2 Answers

  1. The question will be answered…

    Professor Sergey V. Savelyev. (born 1959) – Russian scientist, evolutionist, paleoneurologist, Doctor of Biological Sciences, Professor, Head of the Laboratory of Nervous System Development of the Institute of Human Morphology of the Russian Academy of Medical Sciences. Photographer, member of the Creative Union of Artists of Russia, awarded bronze, silver and gold medals of TLC of Russia.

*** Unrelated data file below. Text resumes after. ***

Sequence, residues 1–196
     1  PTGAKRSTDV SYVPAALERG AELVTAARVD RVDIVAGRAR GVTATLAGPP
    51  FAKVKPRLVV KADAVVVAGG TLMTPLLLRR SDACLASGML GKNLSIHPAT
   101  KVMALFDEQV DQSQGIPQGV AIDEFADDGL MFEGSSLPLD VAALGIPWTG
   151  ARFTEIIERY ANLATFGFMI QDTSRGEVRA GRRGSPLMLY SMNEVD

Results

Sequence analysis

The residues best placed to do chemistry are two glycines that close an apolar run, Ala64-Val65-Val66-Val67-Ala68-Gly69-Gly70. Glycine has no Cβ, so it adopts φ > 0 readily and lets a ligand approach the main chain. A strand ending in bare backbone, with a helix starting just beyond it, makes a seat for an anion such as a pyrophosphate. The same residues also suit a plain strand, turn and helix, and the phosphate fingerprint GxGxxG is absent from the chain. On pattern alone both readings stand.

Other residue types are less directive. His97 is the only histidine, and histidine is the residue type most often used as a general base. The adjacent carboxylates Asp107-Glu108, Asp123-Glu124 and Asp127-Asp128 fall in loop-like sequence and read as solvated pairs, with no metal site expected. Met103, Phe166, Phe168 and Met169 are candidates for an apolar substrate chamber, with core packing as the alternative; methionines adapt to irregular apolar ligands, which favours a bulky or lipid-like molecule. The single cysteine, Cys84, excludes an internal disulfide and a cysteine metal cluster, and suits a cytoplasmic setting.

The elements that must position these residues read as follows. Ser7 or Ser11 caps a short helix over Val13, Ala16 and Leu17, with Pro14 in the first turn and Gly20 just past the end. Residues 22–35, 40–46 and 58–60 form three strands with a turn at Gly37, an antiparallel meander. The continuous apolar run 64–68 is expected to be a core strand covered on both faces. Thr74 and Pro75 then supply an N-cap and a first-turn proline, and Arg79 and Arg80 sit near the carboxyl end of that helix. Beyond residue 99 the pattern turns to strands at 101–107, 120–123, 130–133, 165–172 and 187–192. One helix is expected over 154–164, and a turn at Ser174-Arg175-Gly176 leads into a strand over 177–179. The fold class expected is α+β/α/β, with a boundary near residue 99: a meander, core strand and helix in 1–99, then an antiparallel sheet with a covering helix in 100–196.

2. It's difficult, but it's probably still a complex chemical process. We fall in love with the brain, not the heart, although the heart is also involved, but again because of the brain. If in very general terms it all comes down to the production of certain hormones, let's call it the happiness hormone (if in more detail oxytocin reduces anxiety, phenethylamine increases sympathy, vasopressin is responsible for attachment, serotonin – a feeling of uplifting mood, dopamine – pleasure) as a result, a person becomes less critical, more cheerful and trusting. Together, falling in love can be compared to drugs, when we lose a loved one or break up the hormone level drops a person can fall into depression. This can be compared to some kind of breakage, maybe) something like this.

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